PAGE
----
Posts Tagged Sitting balance

[Systematic review] What is the effect of additional physiotherapy on sitting balance following stroke compared to standard physiotherapy treatment



Sitting balance dysfunction is commonly experienced following stroke. Physiotherapists utilize interventions to address this problem but it is unclear whether treatment type, target or practice intensity may affect outcomes.


To compare the effects of standard physiotherapy to standard physiotherapy plus an additional physiotherapy treatment after stroke.

Data Sources:

The databases of Cochrane Library, CINAHL, Embase, Ovid Medline, AMED, and the Physiotherapy Evidence Database (PEDro) up to December 2014 were searched.

Study Selection:

Randomized controlled trials in English reported in peer-reviewed journals regarding the effect of additional physiotherapy on sitting balance were retrieved.

Data Extraction:

The PEDro scale was used to assess study quality.


Eleven studies met inclusion criteria. Nine targeted the ICF (International Classification of Function, Disability and Health) domain of Activity. The Trunk control test (TCT) was used as a primary outcome measure in five studies, and the Trunk Impairment Scale (TIS) was used in four. There was a significant effect (mean difference = 1.67, 95% CI = 0.54–2.80) favoring intervention, as measured by the TIS. There was no evidence to support the effect of additional treatment on sitting balance as measured by the TCT (mean difference = − 1.53, 95% CI = − 9.37 to 6.32).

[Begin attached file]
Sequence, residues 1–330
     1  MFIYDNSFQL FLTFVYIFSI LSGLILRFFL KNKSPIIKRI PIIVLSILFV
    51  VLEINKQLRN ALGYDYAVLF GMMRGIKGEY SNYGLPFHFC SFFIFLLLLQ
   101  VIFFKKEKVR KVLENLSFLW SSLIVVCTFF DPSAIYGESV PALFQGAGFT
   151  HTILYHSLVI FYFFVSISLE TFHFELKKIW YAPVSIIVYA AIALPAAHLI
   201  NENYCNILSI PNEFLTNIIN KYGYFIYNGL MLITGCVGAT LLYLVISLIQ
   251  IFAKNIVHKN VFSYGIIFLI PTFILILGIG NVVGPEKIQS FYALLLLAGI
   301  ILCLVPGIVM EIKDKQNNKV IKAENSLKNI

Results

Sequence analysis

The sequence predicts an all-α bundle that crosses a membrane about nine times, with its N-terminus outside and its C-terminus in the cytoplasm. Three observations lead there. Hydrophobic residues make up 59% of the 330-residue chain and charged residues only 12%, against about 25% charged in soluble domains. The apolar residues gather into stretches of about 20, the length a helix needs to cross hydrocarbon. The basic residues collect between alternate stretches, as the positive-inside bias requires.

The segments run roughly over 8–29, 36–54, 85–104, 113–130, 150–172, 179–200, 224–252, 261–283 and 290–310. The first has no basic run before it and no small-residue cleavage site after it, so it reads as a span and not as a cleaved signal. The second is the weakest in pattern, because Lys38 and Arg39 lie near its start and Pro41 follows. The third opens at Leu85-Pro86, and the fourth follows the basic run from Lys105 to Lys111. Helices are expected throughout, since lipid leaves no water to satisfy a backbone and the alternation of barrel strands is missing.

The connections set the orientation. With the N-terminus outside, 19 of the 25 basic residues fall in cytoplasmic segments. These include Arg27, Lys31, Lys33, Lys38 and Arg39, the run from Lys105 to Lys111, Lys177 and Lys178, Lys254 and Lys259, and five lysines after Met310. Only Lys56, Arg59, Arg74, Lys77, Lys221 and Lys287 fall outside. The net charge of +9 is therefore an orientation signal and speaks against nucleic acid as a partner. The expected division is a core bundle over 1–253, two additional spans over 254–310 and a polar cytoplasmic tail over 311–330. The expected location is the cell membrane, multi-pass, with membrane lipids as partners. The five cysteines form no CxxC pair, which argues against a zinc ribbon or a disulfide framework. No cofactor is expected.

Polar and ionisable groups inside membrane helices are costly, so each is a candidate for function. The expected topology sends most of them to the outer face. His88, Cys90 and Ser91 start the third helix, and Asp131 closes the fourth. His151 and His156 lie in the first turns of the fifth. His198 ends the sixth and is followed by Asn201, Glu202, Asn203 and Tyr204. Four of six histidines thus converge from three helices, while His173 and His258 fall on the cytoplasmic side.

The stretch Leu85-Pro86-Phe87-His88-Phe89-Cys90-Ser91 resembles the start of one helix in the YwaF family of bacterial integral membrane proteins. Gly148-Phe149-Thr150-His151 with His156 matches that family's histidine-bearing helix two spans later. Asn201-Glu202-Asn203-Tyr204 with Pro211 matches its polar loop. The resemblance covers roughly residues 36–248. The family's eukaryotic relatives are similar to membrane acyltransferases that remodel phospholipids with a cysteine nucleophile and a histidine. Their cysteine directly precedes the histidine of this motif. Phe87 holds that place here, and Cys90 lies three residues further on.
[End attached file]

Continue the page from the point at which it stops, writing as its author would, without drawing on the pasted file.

The current evidence supports strategies that target deficits at the activity level and increase total treatment time. The TIS is most responsive as a measure of treatment efficacy. Further research is required using recommended outcome measures to facilitate generation of a minimum data set and data pooling.

via Maney Online – Maney Publishing.

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